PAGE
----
Neuralforaminal Stenosis Symptoms

How Neuralforaminal Stenosis Causes Pain

Human spinal chord, artwork
Human spinal chord, artwork. PIXOLOGICSTUDIO / Getty Images

Neuralforaminal stenosis is a type of stenosis that narrows the holes through which spinal nerves pass on their way out to all parts of the body from the spinal cord. These holes, known as foramen, are located on the sides of your vertebral column at every level, or segment of the spine. (One segment is demarcated above and below by intervertebral joints.)

When you have neuralforamenal stenosis, bony growths or malformations – which are often due to age-related and/or degenerative changes that take place in the spine – encroach on the space normally provided by the foramen.

This encroachment, in turn, decreases the amount of space available for contents, such as the spinal nerve (as well as other things), to comfortably fit.

Common Symptoms of Neuralforaminal Stenosis

So what does all that mean to your symptoms? How does encroachment affect the way you feel when you have neuroforamenal stenosis?

The first thing to keep in mind is that the nerves that are affected by your neuroformainal stenosis are just that – nerves. Their job is to convey messages of sensation and action to and from your central nervous system (which consists of your brain and your spinal cord). If, due to stenosis present in your foramen, a nerve root becomes disrupted from performing its job - in other words, if it is pressured or otherwise irritated as it comes into contact with neighboring structures - you'll likely feel symptoms related to aberrations of what that nerve normally does for you.

The main symptom of neuroforamenal stenosis is usually radiculopathy. Radiculopathy may be experienced as pain, numbness, tingling, weakness, burning or electrical sensations that go down one leg or one arm (depending on whether your stenosis is present in your lower back or your neck.)

Neuralforaminal stenosis is not the only medical condition for which radiculopathy is the main symptoms.

Herniated disc is another example.

Dr. Allen Wilkins, MD, of Manhattan Physical Medicine and Spine says that radiculopathy symptoms tend to occur in a specific pattern along the extremity down which the nerve affected by your stenosis travels. The exact pattern is is pre-determined and corresponds with zones into which the nerves normally exert their influence. These zones are known as dermatomes.

Dr. Ali Bydon, Associate Professor of Neurosurgery, Director of Spinal Column Biomechanics and Surgical Outcomes Laboratory at Johns Hopkins Medical School and Clinical Director of Spine Surgery at Johns Hopkins Bayview Medical Center clarifies the dermatomes (in the case of neuroforaminal stenosis) as lines of distribution along the arms or legs that when symptoms are present, correlate to the nerve that is being compressed. "The neuroforaminal stenosis symptoms tend to follow along these distribution pathways," he says.

“Compression of the cervical nerves will cause symptoms in the arms; compression of the thoracic nerves cause symptoms in the thorax and compression of the nerves in the lumbar spine will cause symptoms in the buttocks and legs,” he says.

Dr. Robert Bray, neurosurgeon at the DISC Sports and Spine Center in Marina del Rey, California concurs and explains that “each nerve has a separate function in the arm or leg. For example, he informs me, in the neck, the C-5 nerve moves the shoulder and biceps muscle, while the nerve at the  C-6 level moves the forearm. In the low back, the L-4 nerves controls the quadriceps muscle, the L - 5 nerve moves some of the calf, and the big toe. In your sacral area, he says, S-1 nerves control other parts of the calf and the small toes.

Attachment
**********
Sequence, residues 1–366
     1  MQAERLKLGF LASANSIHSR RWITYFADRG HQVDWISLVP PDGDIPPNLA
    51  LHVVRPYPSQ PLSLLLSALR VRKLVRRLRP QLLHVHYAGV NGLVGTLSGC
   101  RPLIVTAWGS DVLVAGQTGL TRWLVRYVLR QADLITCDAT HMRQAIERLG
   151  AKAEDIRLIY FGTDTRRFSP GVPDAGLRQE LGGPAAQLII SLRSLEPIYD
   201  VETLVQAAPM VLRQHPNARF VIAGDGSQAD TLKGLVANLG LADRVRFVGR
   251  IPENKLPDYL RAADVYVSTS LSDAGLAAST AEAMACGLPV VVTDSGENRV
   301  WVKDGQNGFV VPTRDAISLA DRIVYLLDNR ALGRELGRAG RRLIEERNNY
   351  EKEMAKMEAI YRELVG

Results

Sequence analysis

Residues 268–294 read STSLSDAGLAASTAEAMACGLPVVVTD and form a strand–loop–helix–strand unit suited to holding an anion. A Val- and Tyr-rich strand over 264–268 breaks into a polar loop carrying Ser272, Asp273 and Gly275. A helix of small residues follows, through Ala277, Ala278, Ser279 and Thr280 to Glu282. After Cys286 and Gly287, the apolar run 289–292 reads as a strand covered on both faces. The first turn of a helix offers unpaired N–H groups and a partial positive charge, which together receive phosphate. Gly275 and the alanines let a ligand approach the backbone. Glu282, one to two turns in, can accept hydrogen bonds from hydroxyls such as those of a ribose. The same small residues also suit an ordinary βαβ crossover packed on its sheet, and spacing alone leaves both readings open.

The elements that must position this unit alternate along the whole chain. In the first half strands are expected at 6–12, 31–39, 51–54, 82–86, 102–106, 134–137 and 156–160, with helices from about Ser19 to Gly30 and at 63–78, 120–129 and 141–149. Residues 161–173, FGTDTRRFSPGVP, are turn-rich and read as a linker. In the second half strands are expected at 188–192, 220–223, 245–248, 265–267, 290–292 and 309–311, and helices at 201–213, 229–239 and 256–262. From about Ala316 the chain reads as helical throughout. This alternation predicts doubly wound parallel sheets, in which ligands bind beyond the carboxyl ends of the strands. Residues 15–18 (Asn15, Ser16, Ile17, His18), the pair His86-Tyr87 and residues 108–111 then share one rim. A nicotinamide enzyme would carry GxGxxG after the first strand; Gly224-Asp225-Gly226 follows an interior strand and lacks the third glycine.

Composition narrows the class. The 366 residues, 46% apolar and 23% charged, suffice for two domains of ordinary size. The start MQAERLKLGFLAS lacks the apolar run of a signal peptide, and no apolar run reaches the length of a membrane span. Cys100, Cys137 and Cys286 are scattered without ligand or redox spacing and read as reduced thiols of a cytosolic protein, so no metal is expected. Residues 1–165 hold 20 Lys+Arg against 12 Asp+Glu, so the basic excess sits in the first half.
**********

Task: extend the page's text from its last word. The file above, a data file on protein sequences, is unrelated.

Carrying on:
"The individual nerve that is stenosed in the foramen will exhibit radiculopathy in the specific area it affects or controls. That's why you feel or experience symptoms in a specific pattern,"  Bray explains.

Wilkins adds that depending on a number of things including your particular anatomical structures, the way the neuroforaminal stenosis develops and which spinal segments are affected, symptoms can differ from patient to patient. Generally, though, when the nerve is compressed, Wilkins says that pain is the first thing to show up, then sensory or tingling numbness starts, and finally, motor weakness specific to the affected nerve may result.

Wilkins also reports that people with neural foramina stenosis commonly experience pain, muscle spasms, extremity weakness, extremity numbness and tingling, radiating burning sensation along the extremity. He adds that patients typically describe sharp pain and tingling or burning sensations in the involved area. Diminished sensation and motor loss, corresponding to be involved nerve root may also be present, he says.

Dr. Bydon confirms that these symptoms can be due to compression of the nerve as it exits the spine. Along with the other symptoms mentioned above, he says, a compressed nerve due to neuralforamenal stenosis may feel like a shooting pain down the extremity.


Email Interview. Bray,, Robert S. Jr., MD. DISC Sports & Spine Center. Marina del Rey, CA. December 2013.

Email Interview. Bydon, A., MD. Associate Professor of Neurosurgery, co-Director of Neurosurgery Medical Student Education, Director of Neurosurgery Undergraduate Student Education, Director of Spinal Column Biomechanics and Surgical Outcomes Laboratory at Johns Hopkins University, Clinical Director of Spine Surgery at Johns Hopkins Bayview Medical Center. December 2013.

Email Interview. Wilkins, A., MD. Manhattan Physical Medicine and Rehabilitation. New York. December 2013.

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